Collected Thoughts Surrounding the Election from an Iranian-American Girl



Scott Olson

The 2020 presidential race was a historical event, with the most votes received for a presidential candidate as well as the first woman of color to occupy the office of Vice President. To many, the Biden-Harris campaign signifies a dawn of hope and prosperity, of living in a world where anything is possible. Photo Courtesy of Scott Olson

In cascades, it felt as if four years of paralyzing fear collapsed. The air encompassing me had not changed but now it was serene and warm. That frigid body of hate was no longer layered within it- it was as if the world was in chaos one instant and soaked in blissful quiet the next. The contrast was stark. Shades of comforting sunlight seemed to bathe my very existence, the beams of sun now glowing and radiant, no longer glaring and intense. My eyes locked on the screen, a Biden-Harris victory, states once red dazzling in shades of blue. I was enviorgated, yelling in unfiltered happiness.

I was catapulted then to many occasions across the years, all that occurred as I watched the TV intently. Peering into the scrawling text on the screen, I witnessed men in suits, serious expressions etched upon their faces. My eyes reflected the fluorescent light of the TV, but to my dismay there was not a singular woman in sight. I saw no one who resembled me; dark haired, dark eyed, the daughter of immigrant parents. As I grew, I retained the sense that no one who was like me could be a well respected and great leader. I had never seen it.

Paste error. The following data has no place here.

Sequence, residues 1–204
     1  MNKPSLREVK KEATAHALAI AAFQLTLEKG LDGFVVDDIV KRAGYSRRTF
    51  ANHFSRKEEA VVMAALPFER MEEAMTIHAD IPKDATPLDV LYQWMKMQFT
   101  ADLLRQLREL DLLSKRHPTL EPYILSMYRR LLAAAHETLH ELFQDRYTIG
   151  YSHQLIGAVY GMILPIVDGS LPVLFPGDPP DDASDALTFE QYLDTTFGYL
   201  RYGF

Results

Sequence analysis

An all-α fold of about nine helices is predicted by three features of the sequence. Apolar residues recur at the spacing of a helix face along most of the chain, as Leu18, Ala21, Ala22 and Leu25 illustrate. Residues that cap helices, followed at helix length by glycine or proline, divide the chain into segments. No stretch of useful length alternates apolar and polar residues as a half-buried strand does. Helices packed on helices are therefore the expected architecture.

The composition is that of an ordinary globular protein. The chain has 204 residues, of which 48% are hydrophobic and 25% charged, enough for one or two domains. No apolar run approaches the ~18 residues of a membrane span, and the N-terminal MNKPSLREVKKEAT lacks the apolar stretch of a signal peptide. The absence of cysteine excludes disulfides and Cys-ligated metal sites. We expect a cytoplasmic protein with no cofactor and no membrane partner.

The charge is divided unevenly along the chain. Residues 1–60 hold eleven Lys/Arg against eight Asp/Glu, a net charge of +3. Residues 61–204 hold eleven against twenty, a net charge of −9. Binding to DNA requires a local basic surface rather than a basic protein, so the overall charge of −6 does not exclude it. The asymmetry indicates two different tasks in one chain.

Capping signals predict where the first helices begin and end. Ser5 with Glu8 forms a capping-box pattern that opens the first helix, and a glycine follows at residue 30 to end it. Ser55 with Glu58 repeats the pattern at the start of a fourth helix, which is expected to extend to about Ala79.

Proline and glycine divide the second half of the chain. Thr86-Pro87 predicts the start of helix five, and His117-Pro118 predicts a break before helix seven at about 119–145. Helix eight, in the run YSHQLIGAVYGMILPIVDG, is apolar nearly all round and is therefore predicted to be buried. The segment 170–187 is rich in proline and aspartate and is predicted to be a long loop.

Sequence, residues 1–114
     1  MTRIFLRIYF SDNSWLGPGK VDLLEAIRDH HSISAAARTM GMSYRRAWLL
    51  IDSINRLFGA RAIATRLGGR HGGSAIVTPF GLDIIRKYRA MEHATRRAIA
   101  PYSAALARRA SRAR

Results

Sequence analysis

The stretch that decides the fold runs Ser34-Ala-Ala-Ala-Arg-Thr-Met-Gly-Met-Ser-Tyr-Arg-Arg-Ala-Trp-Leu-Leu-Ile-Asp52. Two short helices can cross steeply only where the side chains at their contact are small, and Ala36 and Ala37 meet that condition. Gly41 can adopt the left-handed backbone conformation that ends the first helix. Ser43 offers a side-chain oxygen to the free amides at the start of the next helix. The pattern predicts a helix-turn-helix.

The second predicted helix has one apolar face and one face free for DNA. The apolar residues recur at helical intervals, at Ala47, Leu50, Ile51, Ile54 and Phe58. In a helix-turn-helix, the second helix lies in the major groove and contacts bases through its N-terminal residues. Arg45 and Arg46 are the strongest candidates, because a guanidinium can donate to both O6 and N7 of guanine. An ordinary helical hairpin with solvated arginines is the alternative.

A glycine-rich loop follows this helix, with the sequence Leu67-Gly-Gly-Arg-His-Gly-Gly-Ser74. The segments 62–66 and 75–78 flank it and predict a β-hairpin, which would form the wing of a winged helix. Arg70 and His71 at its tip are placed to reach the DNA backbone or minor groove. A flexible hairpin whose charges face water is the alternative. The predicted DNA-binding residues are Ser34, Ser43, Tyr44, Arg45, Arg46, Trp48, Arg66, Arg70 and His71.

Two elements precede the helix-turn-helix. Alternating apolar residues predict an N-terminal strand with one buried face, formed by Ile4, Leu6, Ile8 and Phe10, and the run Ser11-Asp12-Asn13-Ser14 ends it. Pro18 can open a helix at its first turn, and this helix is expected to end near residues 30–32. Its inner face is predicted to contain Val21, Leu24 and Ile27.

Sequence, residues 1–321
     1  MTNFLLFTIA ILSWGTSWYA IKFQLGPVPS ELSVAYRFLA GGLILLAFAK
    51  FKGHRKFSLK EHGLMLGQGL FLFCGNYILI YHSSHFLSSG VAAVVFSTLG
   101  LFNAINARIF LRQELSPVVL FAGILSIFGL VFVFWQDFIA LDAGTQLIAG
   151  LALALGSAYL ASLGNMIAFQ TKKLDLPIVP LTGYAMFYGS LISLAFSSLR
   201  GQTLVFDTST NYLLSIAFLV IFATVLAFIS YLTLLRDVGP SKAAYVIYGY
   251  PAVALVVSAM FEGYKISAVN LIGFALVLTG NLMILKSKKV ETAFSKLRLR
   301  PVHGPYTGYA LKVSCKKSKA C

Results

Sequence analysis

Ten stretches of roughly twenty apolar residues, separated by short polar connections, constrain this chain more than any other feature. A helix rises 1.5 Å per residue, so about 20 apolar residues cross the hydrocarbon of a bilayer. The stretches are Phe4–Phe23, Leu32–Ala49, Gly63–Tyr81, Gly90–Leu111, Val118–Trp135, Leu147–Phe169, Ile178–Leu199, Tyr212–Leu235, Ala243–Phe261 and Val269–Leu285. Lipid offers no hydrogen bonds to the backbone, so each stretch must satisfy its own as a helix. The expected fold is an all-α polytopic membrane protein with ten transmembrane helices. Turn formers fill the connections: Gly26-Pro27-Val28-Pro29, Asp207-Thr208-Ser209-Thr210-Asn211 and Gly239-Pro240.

A booming voice on the TV announced the win definitively. Tears swelled within my eyes, words unable to form tangible structure. Kamala Harris is to be the first woman vice president as well as the first Asian American and Black vice president. As an Iranian American girl, young and certainly highly opinionated, seeing a woman occupy one of the most highly regarded offices in the nation had been for my rather short life time a glorious dream I wished to see carried out. When morphed from the golden strands of possibility into reality, this dream is realized. When you see yourself represented it’s as if the world beckons you to follow in the footsteps of the visionaries, the pathway sprinkled with opportunity.

You see men in leadership positions, and it’s almost as if you have normalized how often they are selected and deemed the most capable. We gaze with admiration at the women who break down the crystalline bubble society has imposed and thrive, sometimes being the only woman in the room. In our tumultuous yet awe-inspiring history, spanning more than two centuries, we have in this dire moment elected the first female vice president. It’s glorious that we did so now, yet truly upsetting that while we praise the notions of democracy and equality, we have never had a woman vice president, let alone a woman president before. Women, despite being highly capable, eloquent, and dedicated leaders, have never been selected to fill the seat of Commander in Chief.